15. Fernandez ID, Su H, Winters PC, Liang H. Association of workplace chronic and acute stressors with employee weight status: data from worksites in turmoil. J Occup Environ Med. 2010;52(Suppl 1):S34–S41. [PMC free article] [PubMed]
16. Nevanperä NJ, Hopsu L, Kuosma E, Ukkola O, Uitti J, Laitinen JH. Occupational burnout, eating behavior, and weight among working women. Am J Clin Nutr. 2012;95:934–943. [PubMed]
17. Dong C, Sanchez LE, Price RA. Relationship of obesity to depression: a family-based study. Int J Obes Relat Metab Disord. 2004;28:790–795. [PubMed]
18. Goodman E, Whitaker RC. A prospective study of the role of depression in the development and persistence of adolescent obesity. Pediatrics. 2002;110:497–504. [PubMed]
19. Barber J, Bayer L, Pietrzak RH, Sanders KA. Assessment of rates of overweight and obesity and symptoms of posttraumatic stress disorder and depression in a sample of Operation Enduring Freedom/Operation Iraqi Freedom veterans. Mil Med. 2011;176:151–155. [PubMed]
20. NHIS Survey Description [Internet] Hyattsville (MD): National Center for Health Statistics (NCHS); 2011. [cited 2012 Mar 29]. 2010 National Health Interview Survey (NHIS) public use data release. Available from: ftp://ftp.cdc.gov/pub/Health_Statistics/NCHS/Dataset_Documentation/NHIS/2010/srvydesc.pdf.
21. Kessler RC, Andrews G, Colpe LJ, Hiripi E, Mroczek DK, Normand SL, Walters EE, Zaslavsky AM. Short screening scales to monitor population prevalences and trends in non-specific psychological distress. Psychol Med. 2002;32:959–976. [PubMed]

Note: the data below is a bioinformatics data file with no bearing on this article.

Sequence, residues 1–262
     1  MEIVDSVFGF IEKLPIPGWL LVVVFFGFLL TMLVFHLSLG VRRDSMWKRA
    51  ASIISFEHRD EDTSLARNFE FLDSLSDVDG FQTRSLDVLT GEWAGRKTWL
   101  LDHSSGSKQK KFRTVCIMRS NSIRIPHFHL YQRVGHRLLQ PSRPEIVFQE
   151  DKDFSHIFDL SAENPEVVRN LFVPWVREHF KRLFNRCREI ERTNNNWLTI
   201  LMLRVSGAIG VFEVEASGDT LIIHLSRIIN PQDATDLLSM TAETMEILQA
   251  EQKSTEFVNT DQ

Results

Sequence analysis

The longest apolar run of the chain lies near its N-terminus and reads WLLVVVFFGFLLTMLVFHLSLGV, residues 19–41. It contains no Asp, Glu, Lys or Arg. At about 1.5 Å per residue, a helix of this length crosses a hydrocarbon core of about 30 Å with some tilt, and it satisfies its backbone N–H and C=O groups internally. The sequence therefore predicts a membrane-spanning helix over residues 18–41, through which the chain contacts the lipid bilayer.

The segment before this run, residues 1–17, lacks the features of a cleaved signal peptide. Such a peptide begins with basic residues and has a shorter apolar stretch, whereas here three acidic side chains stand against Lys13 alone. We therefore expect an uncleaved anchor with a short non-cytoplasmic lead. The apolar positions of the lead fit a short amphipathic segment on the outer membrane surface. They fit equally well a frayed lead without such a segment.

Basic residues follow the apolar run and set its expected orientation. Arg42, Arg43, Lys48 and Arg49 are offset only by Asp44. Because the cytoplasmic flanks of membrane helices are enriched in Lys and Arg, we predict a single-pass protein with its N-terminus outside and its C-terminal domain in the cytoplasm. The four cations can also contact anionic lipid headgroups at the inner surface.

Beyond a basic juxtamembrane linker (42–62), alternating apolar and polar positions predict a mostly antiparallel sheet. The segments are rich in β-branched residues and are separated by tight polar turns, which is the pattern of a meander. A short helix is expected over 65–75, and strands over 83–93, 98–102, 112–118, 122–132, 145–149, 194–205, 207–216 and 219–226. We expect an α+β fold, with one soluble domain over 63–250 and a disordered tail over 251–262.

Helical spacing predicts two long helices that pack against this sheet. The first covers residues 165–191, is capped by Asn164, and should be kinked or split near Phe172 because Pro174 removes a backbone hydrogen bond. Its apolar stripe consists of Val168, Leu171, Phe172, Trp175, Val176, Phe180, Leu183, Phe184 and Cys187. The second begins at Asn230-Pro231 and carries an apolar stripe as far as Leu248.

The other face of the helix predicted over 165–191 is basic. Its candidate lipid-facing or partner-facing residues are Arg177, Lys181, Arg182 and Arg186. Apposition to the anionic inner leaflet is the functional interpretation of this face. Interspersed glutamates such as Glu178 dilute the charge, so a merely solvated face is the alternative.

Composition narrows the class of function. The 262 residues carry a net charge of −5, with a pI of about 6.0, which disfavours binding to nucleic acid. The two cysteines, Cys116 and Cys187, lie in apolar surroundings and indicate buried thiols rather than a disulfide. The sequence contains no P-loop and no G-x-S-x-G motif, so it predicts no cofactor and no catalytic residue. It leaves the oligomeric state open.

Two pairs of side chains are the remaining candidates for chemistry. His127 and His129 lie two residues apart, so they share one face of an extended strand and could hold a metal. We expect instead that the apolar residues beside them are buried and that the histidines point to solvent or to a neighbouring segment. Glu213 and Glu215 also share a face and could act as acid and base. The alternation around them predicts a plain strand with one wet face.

22. Prochaska JJ, Sung HY, Max W, Shi Y, Ong M. Validity study of the K6 scale as a measure of moderate mental distress based on mental health treatment need and utilization. Int J Methods Psychiatr Res. 2012;21:88–97. [PMC free article] [PubMed]
23. Jorm AF, Windsor TD, Dear KB, Anstey KJ, Christensen H, Rodgers B. Age group differences in psychological distress: the role of psychosocial risk factors that vary with age. Psychol Med. 2005;35:1253–1263. [PubMed]
24. Flegal KM, Carroll MD, Ogden CL, Curtin LR. Prevalence and trends in obesity among US adults, 1999-2008. JAMA. 2010;303:235–241. [PubMed]
25. Klein RJ, Proctor SE, Boudreault MA, Turczyn KM. Statistical Notes, No. 24 (2002 Jun) Hyattsville (MA): National Center for Health Statistics; 2002. Healthy people 2010 criteria for data suppression. [PubMed]
26. Overgaard D, Gyntelberg F, Heitmann BL. Psychological workload and body weight: is there an association? A review of the literature. Occup Med (Lond) 2004;54:35–41. [PubMed]
27. Epel E, Lapidus R, McEwen B, Brownell K. Stress may add bite to appetite in women: a laboratory study of stress-induced cortisol and eating behavior. Psychoneuroendocrinology. 2001;26:37–49. [PubMed]
28. Yoo H, Franke WD. Stress and cardiovascular disease risk in female law enforcement officers. Int Arch Occup Environ Health. 2011;84:279–286. [PubMed]
29. Violanti JM, Aron F. Ranking police stressors. Psychol Rep. 1994;75:824–826. [PubMed]
30. Gershon RR, Lin S, Li X. Work stress in aging police officers. J Occup Environ Med. 2002;44:160–167. [PubMed]
31. 2010 stress in American findings [Internet] Washington, DC: American Psychological Association; 2010. [cited 2012 Apr 23]. Available from: http://www.apa.org/news/press/releases/stress/national-report.pdf.
32. Zellner DA, Loaiza S, Gonzalez Z, Pita J, Morales J, Pecora D, Wolf A. Food selection changes under stress. Physiol Behav. 2006;87:789–793. [PubMed]
33. Wallis DJ, Hetherington MM. Emotions and eating. Self-reported and experimentally induced changes in food intake under stress. Appetite. 2009;52:355–362. [PubMed]
34. Torres SJ, Nowson CA. Relationship between stress, eating behavior, and obesity. Nutrition. 2007;23:887–894. [PubMed]